As illustrated by this NDepend graph, architecturally I think I’m finally in a decent place. There are a few issues, but in general, it’s okay. The dependency graph is interactive.

Here we can see that the thickness of the arrow signifies the amount of coupling:

What’s Next?

Now it’s time to work through the more granular issues reported by NDepend which are spread across multiple categories, such as Code Smells, Object Oriented Design, Immutability, etc.

NDepend allows you to attack these issues via multiple methods, the most obvious is by double clicking on an issue which leads a detailed view of the broken rules:

I often prefer to attack the problems one assembly, one class at a time:

A particular issue NDepend pointed out was the mutual dependence between types I had in the same assembly. I thought nothing of this – there was no compilation problems, and my assertion classes could take advantage of the string and collection extension classes, and vice versa:

But NDepend had this to say:

It also provides a useful matrix to highlight these dependencies.

After some consideration, I concur with NDepend. Even within the same assembly I would like, as much as possible, for dependencies between types to be unidirectional. It is just good programming basics: high cohesion, low coupling. Interfaces are a way to solve this issue, but there’s little need for abstraction in these fundamental utility classes.

The solution in the above example was simple: the integrity classes no longer use the collection extensions. I have a few more such dependencies to weed out, with NDepend’s help, but moving forwards I’ll be conscious to avoid such issues. I might be getting old, or it may be I was mostly coding alone and tired, but it’s easy to overlook these things at times. That’s why it’s great to have a tool like NDepend looking over your shoulder.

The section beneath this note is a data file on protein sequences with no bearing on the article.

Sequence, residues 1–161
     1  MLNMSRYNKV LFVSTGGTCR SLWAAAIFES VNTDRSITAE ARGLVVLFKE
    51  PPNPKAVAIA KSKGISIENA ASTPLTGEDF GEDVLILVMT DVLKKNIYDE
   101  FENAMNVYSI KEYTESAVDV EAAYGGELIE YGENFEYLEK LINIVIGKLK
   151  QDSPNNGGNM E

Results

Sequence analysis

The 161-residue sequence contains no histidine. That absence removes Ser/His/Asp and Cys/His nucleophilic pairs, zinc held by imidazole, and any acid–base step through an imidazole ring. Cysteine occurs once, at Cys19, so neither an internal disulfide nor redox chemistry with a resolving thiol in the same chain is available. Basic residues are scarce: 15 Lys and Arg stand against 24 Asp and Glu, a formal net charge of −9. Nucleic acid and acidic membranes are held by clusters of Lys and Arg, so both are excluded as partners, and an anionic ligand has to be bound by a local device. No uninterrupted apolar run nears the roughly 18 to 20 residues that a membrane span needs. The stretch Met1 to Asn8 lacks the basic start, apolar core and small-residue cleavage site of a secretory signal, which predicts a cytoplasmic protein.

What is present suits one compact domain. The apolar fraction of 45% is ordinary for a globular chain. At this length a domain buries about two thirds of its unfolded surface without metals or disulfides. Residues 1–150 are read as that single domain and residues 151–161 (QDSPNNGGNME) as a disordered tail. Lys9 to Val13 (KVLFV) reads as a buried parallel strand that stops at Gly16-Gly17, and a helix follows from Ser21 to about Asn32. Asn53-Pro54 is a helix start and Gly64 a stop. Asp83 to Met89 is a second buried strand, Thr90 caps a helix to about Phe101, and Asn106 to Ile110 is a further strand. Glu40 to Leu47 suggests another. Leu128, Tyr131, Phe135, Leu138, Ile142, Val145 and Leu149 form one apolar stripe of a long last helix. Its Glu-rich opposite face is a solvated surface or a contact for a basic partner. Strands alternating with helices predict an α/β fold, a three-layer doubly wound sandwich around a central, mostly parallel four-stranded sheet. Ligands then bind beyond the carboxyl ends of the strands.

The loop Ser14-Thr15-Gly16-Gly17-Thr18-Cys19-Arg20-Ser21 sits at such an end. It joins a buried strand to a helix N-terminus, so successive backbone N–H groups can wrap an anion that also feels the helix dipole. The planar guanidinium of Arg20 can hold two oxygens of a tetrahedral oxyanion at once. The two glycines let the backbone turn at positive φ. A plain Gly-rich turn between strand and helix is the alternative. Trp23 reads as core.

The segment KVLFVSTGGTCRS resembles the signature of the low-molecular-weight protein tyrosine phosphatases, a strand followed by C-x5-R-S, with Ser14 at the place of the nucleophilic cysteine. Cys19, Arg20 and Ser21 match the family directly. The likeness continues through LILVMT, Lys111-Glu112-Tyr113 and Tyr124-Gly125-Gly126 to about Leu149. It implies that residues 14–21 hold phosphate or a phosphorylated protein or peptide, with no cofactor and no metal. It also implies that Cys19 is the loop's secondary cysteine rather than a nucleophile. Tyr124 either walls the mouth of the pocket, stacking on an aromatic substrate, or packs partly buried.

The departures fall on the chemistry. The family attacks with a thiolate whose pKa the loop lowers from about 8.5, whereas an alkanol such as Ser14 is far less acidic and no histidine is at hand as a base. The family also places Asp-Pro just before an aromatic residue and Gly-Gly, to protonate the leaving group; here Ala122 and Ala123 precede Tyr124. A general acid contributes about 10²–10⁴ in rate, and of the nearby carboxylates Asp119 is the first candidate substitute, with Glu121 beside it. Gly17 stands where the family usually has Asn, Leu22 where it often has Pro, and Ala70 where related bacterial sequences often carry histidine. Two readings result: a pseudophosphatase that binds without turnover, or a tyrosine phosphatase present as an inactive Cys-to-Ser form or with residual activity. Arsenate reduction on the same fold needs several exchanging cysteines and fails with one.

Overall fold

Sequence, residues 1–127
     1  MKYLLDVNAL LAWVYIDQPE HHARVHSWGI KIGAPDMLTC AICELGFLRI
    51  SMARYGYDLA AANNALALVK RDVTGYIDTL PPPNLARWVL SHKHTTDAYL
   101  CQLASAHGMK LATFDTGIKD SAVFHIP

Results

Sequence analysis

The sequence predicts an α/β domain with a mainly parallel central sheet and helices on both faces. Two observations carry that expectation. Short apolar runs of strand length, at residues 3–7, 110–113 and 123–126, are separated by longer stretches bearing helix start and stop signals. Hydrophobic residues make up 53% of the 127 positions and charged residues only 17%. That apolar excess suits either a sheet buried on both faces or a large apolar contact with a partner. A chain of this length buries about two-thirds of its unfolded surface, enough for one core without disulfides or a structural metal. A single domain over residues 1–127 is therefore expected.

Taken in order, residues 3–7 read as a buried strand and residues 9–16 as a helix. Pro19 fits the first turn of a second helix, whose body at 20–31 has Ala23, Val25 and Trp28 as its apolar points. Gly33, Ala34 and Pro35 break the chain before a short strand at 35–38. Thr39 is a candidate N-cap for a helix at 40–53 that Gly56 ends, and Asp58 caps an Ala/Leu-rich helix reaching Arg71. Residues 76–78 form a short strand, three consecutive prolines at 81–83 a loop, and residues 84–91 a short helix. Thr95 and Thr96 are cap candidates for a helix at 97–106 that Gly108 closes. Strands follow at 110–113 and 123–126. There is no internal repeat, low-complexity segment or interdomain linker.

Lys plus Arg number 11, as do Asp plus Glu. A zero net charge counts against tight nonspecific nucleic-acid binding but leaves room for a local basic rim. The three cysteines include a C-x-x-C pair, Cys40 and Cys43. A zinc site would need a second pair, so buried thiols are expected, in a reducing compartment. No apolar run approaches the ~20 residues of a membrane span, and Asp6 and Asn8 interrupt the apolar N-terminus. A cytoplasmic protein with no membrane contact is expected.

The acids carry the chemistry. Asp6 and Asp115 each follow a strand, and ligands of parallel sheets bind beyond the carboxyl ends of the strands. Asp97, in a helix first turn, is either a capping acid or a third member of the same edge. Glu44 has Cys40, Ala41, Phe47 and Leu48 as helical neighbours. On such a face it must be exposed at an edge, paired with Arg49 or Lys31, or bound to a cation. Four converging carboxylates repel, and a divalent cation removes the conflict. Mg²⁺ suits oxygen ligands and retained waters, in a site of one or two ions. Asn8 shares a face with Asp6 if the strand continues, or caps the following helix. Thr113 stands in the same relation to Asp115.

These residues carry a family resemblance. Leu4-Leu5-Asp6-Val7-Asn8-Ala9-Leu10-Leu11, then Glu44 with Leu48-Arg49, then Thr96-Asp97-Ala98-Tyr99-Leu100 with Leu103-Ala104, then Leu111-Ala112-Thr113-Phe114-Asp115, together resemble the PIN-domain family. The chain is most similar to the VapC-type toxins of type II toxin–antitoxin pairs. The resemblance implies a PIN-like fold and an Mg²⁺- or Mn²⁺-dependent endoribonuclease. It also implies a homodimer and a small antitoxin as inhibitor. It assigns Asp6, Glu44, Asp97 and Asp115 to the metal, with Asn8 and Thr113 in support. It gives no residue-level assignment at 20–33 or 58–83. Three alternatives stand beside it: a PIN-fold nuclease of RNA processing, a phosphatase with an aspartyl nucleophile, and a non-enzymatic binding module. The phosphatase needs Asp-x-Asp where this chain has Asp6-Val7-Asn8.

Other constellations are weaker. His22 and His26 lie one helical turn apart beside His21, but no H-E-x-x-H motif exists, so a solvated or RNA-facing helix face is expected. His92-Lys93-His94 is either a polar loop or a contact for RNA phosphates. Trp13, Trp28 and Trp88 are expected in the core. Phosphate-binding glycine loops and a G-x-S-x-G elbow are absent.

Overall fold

I Beg to Differ

Sometimes you may disagree with NDepend. For example, Microsoft has deprecated the rule AvoidNamespacesWithFewTypes, I also disagree with this rule. I can see the benefits to the refactored Hub.App mentioned above, which is now in good order. Still, in some cases it may be a problem, so it is right that NDepend raises a warning. Suppressing the message is quite simple:

  1. First, create a file in your project called GlobalSuppressions.cs.
  2. Next, right click on a broken rule, and select Supress Rule.
  3. NDepend will show a dialog with the code necessary to supress the rule
  4. Within your suppressions file, paste the code.

This is what the dialog looks like:

…and in the case of the AvoidNamespacesWithFewTypes my suppresions file looks like this:

using System.Diagnostics.CodeAnalysis;

[assembly: SuppressMessage("NDepend", "ND1305:AvoidNamespacesWithFewTypes", Target = "",
    Scope = "module namespace type method field", Justification = "Suitable for project requirements")]

I must say, however, that even when I differ with a rule, I learn something:


Another fantastic feature of NDepend is its ability to surface work.

Often it’s difficult for management to understand just how much work is involved in refactoring a code base, addressing the technical debt, and making sure the project is healthy. Developers often find it difficult to articulate what they have been doing for the last few days, there’s no new functionality, just constant refactoring. Despite our best efforts, the code is often not as clean as we think it is, and subtle issues are taking root which may hamper future development velocity. NDepend does a great job of communicating this technical debt:

NDepend makes it easy to communicate not only what needs to be fixed, but comparing against a baseline, it can report on progress and provide up-to-date estimates based on the number of outstanding issues and the number of new issues raised.

In fact, once your project is in order, moving forwards you could make the case for putting aside the last day of each sprint for the team just to attack the technical debt NDepend is identifying.


Testing catches fewer bugs per hour than human inspection of code. Inspections are a cheaper method of finding bugs than testing. If you want to ship high quality code, you should invest in more than one of formal code review, design inspection, testing, and quality assurance.

NDepend delivers so much of this and more, I can’t recommend it highly enough.

The earlier it is introduced to the project, the better.

I hope you may have found this post helpful.


2 thoughts on “NDepend to the Rescue – Again

  1. This is really helpful. I’m working (sort of) a code base that is so abstract and generic its almost impossible to follow. Not fun, I’ll be investigating running NDepend on it to see what’s going on. Also, here’s another shout out to Paolo Cantoni, great bloke!

    Liked by 1 person